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Airport's objections block wind turbine plan  


PLANS to power a Cramlington factory by wind have been knocked back.

Blyth Valley Council refused planning permission to enable Aesica Pharmaceuticals to install two wind turbines up to 140 metres high at its plant in Shotton Lane.

Although several members of the council’s development control panel felt the application was a positive step towards using renewable forms of energy, a vote concluded that the turbines would impact on radar systems in the flight path to and from Newcastle Airport.

Coun Alisdair Gibbs-Barton called on members to defer the decision to allow a possible compromise on the size of the turbines and help address objections from the airport.

He said: “This is innovative and we should encourage more applications like these.

“I move for deferral, maybe have smaller windmills within the site, whatever it takes.”

But members were told the size of the turbines were chosen to generate a specific amount of energy ““ three-bladed wind turbines, with each blade between 40 to 50 metres in length and able to generate between two to three megawatts each.

More than 20 letters of support were submitted raising issues of climate change and the need to save energy and consider alternative forms of energy, cut carbon emissions and help secure the company’s long-term future and jobs.

But Newcastle Airport says the turbines will impact on aircraft movements, creating a line of sight on the airport’s radar with the turbine shown as an object which, due to current aviation technology, could be mistaken as an aircraft.

While objectors agreed with the intention of the application, they also questioned the size, visual and environmental impacts of the turbines and called for more consideration.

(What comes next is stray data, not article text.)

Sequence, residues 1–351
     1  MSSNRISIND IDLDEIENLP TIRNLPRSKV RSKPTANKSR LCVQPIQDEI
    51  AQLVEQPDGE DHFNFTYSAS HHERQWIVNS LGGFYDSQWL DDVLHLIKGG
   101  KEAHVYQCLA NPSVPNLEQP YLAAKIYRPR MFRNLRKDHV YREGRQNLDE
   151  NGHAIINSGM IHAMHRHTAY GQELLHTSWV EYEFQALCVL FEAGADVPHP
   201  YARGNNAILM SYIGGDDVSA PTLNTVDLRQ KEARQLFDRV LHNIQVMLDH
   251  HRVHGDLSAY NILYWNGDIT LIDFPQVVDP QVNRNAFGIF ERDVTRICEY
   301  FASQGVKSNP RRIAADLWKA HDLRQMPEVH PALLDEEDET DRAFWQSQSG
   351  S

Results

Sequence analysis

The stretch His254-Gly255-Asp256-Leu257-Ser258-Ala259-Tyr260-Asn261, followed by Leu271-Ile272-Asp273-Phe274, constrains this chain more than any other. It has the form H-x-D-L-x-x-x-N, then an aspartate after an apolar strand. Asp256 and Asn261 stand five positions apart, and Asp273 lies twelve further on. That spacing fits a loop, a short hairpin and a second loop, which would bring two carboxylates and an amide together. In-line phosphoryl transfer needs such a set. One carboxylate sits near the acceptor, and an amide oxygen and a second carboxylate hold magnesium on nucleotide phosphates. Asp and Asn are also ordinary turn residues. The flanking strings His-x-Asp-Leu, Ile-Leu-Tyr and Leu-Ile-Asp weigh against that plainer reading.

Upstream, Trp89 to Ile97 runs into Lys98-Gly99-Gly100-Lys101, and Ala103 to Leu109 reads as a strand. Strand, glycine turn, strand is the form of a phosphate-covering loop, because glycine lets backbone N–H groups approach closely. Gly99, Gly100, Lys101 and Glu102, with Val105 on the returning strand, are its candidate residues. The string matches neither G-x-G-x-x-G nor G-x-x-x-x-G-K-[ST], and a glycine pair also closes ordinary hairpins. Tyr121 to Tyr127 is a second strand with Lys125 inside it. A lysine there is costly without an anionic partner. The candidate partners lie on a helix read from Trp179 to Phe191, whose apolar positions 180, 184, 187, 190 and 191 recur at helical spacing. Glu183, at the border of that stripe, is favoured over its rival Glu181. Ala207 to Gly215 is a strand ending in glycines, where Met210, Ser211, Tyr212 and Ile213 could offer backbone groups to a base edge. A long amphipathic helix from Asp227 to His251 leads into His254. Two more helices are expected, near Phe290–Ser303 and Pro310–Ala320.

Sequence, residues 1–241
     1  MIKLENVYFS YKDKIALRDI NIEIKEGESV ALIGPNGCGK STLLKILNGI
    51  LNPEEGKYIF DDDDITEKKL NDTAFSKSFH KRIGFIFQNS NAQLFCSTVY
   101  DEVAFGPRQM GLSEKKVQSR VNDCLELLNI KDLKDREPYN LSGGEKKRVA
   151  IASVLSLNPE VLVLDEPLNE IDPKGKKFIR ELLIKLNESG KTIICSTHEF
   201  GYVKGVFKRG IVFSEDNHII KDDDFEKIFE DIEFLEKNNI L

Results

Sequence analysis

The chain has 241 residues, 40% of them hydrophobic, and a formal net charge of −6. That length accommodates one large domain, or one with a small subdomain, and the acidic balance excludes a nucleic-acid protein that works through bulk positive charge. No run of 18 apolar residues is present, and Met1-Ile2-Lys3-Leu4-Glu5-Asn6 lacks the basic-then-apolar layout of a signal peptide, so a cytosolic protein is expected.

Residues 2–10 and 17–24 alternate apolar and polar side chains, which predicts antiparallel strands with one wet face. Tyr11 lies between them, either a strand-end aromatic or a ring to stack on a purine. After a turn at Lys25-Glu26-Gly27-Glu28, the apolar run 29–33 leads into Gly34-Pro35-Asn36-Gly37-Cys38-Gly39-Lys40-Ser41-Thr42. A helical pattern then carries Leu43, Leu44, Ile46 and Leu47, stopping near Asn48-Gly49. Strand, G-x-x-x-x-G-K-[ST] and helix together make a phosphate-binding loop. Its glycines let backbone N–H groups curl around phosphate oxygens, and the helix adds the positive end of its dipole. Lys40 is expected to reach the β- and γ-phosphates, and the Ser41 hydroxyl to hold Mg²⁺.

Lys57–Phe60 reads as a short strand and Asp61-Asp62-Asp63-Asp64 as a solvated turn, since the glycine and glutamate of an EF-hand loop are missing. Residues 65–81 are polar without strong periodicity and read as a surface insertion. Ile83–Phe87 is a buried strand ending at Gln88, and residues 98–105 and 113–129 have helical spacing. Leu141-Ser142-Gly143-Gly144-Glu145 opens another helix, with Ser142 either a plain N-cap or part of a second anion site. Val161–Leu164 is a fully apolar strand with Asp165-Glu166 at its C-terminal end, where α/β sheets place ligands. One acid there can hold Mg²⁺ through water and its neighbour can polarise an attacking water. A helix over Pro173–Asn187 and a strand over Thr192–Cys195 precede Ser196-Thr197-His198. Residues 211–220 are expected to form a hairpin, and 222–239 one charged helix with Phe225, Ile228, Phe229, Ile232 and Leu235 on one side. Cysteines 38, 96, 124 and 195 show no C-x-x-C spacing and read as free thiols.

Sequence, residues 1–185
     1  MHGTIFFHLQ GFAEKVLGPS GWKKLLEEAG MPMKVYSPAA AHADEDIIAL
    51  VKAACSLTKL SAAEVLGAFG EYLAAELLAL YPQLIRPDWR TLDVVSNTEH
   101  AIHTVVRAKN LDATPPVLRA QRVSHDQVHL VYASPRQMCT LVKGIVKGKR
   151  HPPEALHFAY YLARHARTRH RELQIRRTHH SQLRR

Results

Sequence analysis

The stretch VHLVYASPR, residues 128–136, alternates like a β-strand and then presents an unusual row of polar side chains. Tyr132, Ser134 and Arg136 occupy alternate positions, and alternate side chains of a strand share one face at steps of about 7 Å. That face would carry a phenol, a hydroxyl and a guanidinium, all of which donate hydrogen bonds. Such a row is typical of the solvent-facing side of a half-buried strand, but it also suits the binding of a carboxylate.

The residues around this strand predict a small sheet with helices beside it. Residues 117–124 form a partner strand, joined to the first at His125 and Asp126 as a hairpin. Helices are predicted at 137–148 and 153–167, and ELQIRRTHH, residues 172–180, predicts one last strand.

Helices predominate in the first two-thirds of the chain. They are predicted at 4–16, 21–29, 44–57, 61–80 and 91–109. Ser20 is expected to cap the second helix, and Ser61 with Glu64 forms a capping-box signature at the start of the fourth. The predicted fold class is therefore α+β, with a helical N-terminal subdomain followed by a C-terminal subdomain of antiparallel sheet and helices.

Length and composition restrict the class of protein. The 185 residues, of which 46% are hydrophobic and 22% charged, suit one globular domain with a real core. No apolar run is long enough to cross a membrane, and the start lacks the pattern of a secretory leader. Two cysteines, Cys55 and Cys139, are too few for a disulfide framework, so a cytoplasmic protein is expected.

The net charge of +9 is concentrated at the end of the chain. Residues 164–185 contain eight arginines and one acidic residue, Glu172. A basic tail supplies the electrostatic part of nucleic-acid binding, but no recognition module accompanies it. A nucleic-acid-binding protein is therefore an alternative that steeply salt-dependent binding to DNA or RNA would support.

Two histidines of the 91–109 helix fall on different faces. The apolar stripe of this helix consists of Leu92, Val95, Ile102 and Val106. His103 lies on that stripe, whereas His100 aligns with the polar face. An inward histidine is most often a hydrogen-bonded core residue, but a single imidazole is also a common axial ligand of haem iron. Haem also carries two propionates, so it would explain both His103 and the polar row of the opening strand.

The effect the turbines would have on the safe operations of Newcastle Airport were identified as the only reason for refusal of the plans.

A council report said: “It is considered that whilst the proposal is generally acceptable and the planning policy framework is generally supportive of such development, permission should be refused due to the potential impact on aircraft safety and the lack of a suitable mitigation.”

25 August 2006

This article is the work of the source indicated. Any opinions expressed in it are not necessarily those of National Wind Watch.

The copyright of this article resides with the author or publisher indicated. As part of its noncommercial effort to present the environmental, social, scientific, and economic issues of large-scale wind power development to a global audience seeking such information, National Wind Watch endeavors to observe “fair use” as provided for in section 107 of U.S. Copyright Law and similar “fair dealing” provisions of the copyright laws of other nations. Send requests to excerpt, general inquiries, and comments via e-mail.

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